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Outsource magazine: thought-leadership and outsourcing strategy | August 20, 2017

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Private Properties

Private Properties
Outsource Magazine

This article originally appeared in Outsource Magazine Issue #24 Summer 2011


Privacy issues have been a minefield in offshore outsourcing projects for many years.  That minefield has become even more explosive with the publication of a new data protection law in India.  And the horizon looks scarcely better with both China and the Philippines, two other key offshore outsourcing destinations, both progressing their own sets of laws on data privacy.


In the short term, the new Indian regulations could have a significant effect on offshore outsourcing.  More broadly, the outsourcing industry now needs to grapple with the prospect of data protection laws applying in both the source and host counties of offshore projects.

For years, efforts to develop omnibus privacy legislation in India proceeded in fits and starts. Draft privacy bills were issued and then withdrawn. But on 13 April 2011, India quietly issued final regulations implementing parts of the Information Technology (Amendment) Act 2008, dealing with protection of personal information.  The new rules prescribe how personal information may be collected and used by virtually all organisations in India, including personal information collected from individuals located outside India.

There are three main problem areas created by the new Indian rules.  These arise from: the “double-dip” effect of an outsourcing project having to comply with two sets of privacy rules; areas of ambiguity in the new Indian rules themselves; and areas where the Indian rules are more restrictive than typical Western privacy rules.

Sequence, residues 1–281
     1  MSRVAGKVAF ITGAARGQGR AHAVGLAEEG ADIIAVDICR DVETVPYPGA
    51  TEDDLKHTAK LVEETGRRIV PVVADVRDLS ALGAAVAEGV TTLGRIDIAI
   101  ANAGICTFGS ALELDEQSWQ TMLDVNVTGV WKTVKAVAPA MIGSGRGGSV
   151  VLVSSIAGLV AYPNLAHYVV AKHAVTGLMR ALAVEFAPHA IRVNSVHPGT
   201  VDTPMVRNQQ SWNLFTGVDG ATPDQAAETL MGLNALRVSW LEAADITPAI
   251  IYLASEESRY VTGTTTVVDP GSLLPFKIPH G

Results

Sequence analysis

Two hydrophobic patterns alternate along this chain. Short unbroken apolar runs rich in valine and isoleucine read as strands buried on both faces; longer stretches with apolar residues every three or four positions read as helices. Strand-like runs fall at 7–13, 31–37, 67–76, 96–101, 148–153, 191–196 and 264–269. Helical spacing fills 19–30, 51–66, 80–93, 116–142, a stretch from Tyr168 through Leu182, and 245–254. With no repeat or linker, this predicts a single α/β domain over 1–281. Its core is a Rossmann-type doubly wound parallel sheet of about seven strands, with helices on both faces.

Double Dip
The snappily-titled Information Technology (Reasonable Security Practices and Procedures and Sensitive Personal Data or Information) Rules, 2011 (“Privacy Rules”), apply to all organisations that collect and use personal data and information in India.

Many of the requirements will be familiar to anyone who has dealt with data protection rules in other countries.  These include an obligation to provide notice to individuals when personal information is collected.  Organisations covered by the Privacy Rules must establish and make a privacy policy available to individuals.  Organisations must also grant individuals the right to access and correct personal information.  In addition, organisations must secure information and establish a dispute resolution process that applies to the collection and use of all personal information.

So, in many respects, the new Privacy Rules aren’t especially innovative or unusual.  The complication comes from the fact that they have to be applied in addition to the data protection rules in the source country of the outsourcing.

The Privacy Rules are not limited to the collection and use of personal data about Indian citizens or residents, nor to situations where the Indian entity is acting as the “data controller” or “principal”.  As a result, the Privacy Rules appear to apply to any personal information collected from within India, regardless of whether the data are collected from individuals who reside outside of India, and no matter what role the entity in India plays.

The rules apply to any violation of the Indian rules committed outside India.  Therefore, personal information that is collected in India from individuals located outside of India and then transferred back outside India must be collected, used, and protected in accordance with the Privacy Rules. It may come as a surprise to a UK-based outsourcer that data collected by its Indian outsourcing service provider and then transferred back to the UK remains subject to the Indian rules as well as the UK Data Protection Act.